Technique 3 initially seemed the most difficult to implement: run at a cadence of 180 steps per minute. This seemed incredibly fast, and also difficult. How can I count three steps a second, while keeping track of laps, and singing along? Jared had us practice to a metronome, but I don't imagine the Y folks would appreciate hearing that for my entire workout. He mentioned something even better, a free mp3 of a 180 bpm metronome. I inserted it into the ultimate 4-hour cardio playmix alternating metronome, song, metronome, song. Jared mentioned that in focusing on the cadence, don't think about your feet so much. Rather, focus on your arms, extending or retracting on every beat. Control the arms and the feet will follow.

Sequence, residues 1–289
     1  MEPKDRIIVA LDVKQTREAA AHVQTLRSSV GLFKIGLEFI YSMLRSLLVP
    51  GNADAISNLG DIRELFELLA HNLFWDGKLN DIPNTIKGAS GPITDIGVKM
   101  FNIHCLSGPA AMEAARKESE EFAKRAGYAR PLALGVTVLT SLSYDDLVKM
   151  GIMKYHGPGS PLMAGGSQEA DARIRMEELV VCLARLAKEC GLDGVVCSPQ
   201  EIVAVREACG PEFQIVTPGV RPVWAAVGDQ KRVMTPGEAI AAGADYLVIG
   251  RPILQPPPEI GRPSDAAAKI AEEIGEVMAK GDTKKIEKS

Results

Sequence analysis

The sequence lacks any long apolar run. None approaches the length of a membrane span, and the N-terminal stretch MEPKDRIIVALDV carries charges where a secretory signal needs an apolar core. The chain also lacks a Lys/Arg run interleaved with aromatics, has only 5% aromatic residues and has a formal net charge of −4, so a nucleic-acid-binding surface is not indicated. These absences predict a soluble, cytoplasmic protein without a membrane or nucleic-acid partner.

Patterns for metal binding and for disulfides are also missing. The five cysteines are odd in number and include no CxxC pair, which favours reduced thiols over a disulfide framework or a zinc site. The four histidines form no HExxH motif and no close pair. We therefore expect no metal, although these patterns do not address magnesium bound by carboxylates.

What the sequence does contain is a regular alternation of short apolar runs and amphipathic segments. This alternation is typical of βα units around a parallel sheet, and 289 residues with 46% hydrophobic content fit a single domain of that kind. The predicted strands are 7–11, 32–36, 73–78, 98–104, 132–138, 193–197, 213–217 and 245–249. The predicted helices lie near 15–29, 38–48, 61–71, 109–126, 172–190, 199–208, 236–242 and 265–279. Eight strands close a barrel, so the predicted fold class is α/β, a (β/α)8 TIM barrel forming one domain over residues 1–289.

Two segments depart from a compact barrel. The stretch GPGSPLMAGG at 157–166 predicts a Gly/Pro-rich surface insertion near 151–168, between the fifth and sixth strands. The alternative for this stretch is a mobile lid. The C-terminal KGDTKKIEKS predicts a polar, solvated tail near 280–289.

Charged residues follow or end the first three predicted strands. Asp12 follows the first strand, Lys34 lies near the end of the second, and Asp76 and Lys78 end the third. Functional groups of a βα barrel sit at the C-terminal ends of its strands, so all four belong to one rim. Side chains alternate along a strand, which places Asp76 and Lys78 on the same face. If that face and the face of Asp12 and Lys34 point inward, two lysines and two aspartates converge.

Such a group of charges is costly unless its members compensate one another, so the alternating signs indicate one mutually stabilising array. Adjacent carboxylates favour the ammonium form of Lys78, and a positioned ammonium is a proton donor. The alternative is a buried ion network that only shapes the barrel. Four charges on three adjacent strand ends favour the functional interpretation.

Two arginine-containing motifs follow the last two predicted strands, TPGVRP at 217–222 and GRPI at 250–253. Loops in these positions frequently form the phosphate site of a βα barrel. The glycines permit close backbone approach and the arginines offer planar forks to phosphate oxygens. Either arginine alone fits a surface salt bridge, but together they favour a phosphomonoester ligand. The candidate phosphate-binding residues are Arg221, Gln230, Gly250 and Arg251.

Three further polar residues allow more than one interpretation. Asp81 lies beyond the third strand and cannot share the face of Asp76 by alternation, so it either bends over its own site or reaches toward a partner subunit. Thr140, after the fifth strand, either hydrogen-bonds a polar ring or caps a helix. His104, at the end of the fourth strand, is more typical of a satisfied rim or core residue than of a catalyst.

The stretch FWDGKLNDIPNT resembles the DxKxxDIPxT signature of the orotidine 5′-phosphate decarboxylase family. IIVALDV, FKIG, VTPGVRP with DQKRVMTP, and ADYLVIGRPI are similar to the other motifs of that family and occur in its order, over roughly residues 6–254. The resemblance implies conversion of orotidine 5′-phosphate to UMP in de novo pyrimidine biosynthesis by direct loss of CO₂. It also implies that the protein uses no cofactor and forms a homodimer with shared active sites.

I was skeptical, but I tried it, and it was really easy. It tied together the midfoot stride as well, because it's really hard to over-extend when taking so many steps. Another bonus was that it removed any idea of thought. I didn't even have music to think about, just beat-beat-beat, which translated to right-left-right-left. Sticking to 180bpm, my time / pace were right about what they always were.
Yesterday, I tried something different. Rather than listening to the metronome, I just ran, not counting or over thinking, just moving my arms as fast as I could. The result: a 43-second lap, followed by two 45s. When left to my own devices, I struggle to finish in 60 seconds. The way to quicker running, I finally learned, is MORE steps, not longer strides. It's so simple!
The fast bpm doesn't feel like work, the way bad form running used to. Does my body complain? yup. Do I get winded? absolutely. Yet, it feels natural and I'm definitely stepping and landing lighter than ever before.
For the walkers, cadence is the only difference between good form running and good form walking. Rather than shooting for 180, walkers should be in the 140-160 range (or whatever is most comfortable for you).